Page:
To make a film about young people who hop trains, Daniel Skaggs had to hop one himself.
“Freeload,” a 65-minute documentary, is making its Montana premiere at the Big Sky Documentary Film Festival on Friday. The film is boiled down from approximately 200 hours of footage the first-time filmmaker shot over the course of 18 months riding the rails with his subjects.
“Basically, I approached filmmaking for ‘Freeload’ just like a journalist – on the front lines with these guys just trying to document their story and let it unfold on camera,” Skaggs said.
The film sketches out portraits of a series of young train riders who exist hand-to-mouth while traveling across country. Taylor, aka Ponyboy, and his girlfriend Rachel forge a fledgling relationship on the road. Blackbird, an
18-year-old, says he’s never going to leave the lifestyle behind. Skrappe and his brother Xmas reunite and ride the rails together for a spell.
All give candid interviews about their backgrounds, choices and problems, and whether or not they want to continue riding trains. The film carefully documents the hard-scrabble details as well – Dumpster diving for food and supplies, patching up crusted clothing, hard drinking, drug use and the all-around danger inherent in their lives.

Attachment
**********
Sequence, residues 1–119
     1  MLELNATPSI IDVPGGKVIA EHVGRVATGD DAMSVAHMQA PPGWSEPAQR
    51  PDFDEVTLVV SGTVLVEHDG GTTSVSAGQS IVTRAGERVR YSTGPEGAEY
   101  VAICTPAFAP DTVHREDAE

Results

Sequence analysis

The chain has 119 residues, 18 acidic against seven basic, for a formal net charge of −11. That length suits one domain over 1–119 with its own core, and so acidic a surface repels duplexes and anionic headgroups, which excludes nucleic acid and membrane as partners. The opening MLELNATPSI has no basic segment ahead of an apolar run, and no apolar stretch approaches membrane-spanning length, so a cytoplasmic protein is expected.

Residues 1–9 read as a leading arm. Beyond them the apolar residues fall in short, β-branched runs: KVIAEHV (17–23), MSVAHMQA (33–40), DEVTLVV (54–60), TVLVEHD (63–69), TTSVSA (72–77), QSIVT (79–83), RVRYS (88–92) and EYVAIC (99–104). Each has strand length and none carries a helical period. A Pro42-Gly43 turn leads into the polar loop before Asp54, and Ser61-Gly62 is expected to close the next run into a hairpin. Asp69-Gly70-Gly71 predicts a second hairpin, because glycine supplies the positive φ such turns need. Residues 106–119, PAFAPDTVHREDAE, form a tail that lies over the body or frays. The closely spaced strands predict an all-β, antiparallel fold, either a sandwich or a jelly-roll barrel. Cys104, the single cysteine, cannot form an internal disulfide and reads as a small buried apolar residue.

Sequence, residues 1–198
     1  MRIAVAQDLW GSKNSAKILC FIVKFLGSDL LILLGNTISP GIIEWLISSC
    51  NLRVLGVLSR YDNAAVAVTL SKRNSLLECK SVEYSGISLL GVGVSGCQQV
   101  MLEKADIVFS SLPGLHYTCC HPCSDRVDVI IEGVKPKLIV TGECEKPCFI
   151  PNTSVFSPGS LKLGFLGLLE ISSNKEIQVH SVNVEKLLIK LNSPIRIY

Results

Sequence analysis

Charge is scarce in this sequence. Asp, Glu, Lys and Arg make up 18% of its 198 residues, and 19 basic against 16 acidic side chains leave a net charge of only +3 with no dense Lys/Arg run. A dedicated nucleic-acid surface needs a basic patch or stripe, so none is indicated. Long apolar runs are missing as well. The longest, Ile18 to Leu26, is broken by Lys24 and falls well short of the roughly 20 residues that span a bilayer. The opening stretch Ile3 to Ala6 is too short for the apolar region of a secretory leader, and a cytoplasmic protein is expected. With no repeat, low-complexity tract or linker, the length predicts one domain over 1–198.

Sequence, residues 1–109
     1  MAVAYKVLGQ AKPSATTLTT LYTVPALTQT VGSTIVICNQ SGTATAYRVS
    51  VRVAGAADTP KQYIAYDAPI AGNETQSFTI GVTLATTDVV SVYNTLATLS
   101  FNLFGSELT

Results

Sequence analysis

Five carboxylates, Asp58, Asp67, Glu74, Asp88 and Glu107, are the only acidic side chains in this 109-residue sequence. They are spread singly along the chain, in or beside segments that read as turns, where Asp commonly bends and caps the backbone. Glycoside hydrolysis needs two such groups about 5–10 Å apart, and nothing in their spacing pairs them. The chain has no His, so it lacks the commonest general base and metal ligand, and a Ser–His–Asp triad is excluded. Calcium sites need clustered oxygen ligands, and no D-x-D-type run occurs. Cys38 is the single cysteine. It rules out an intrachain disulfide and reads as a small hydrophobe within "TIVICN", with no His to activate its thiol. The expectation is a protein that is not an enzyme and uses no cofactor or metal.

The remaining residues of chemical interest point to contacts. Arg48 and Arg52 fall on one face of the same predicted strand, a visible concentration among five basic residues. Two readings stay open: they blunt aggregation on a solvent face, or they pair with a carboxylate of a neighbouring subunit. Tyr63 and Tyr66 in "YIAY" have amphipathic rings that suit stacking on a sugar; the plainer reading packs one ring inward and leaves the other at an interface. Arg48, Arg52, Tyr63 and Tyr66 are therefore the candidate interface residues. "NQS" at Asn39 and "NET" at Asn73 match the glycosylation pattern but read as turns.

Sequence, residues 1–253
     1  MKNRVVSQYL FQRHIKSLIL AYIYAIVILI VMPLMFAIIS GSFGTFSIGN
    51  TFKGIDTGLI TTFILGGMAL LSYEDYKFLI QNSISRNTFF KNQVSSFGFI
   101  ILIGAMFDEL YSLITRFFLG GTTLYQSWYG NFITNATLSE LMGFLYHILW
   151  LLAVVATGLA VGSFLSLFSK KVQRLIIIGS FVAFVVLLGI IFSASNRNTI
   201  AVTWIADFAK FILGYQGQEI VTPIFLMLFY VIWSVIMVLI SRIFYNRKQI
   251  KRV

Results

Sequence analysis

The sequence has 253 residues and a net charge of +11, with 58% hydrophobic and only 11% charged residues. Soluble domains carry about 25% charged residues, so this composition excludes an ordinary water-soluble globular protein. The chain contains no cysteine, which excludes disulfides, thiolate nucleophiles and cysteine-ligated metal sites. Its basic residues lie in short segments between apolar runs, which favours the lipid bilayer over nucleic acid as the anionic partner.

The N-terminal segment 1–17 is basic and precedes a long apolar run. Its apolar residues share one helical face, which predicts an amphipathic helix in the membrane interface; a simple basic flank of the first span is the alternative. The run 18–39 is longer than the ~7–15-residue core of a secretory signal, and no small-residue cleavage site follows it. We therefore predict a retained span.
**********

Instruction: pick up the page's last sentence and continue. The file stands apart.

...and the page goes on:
The filmmakers wanted to zero in on individuals versus a broader movie about train-riding culture, or a “how-to” guide to jumping trains. They also wanted an unbiased film that didn’t romanticize their characters.
“We’re fans of films that allow people to tell their story, versus an issue-based or cause-based film,” said Ryan Seitz, who’s credited as editor, co-producer and with the story.
The film has been years in the making. Skaggs met Seitz, a University of Montana Media Arts student, in 2010. Skaggs, a Kentucky transplant and organic farmer, had been mulling over the idea of a documentary on train riders for several years.
He’d hopped rides on trains before, and both Seitz and fellow Media Arts student Mather McKallor were looking for a project to jump on immediately after graduation.
The production team, dubbed Highway Goat, also includes UM journalism master’s graduate Neil LaRubbio as producer. McKallor worked as editor, co-producer and with the story.
They raised about $7,000 through online fundraising site IndieGogo, and bought the necessary camera equipment.
Initially, Skaggs set out with another camera operator. Seitz and McKallor followed along in a car. After three months, it became clear that having two cameramen wasn’t going to work, nor would tailing Skaggs in a vehicle when his subjects lead a nomadic life filled with unplanned detours.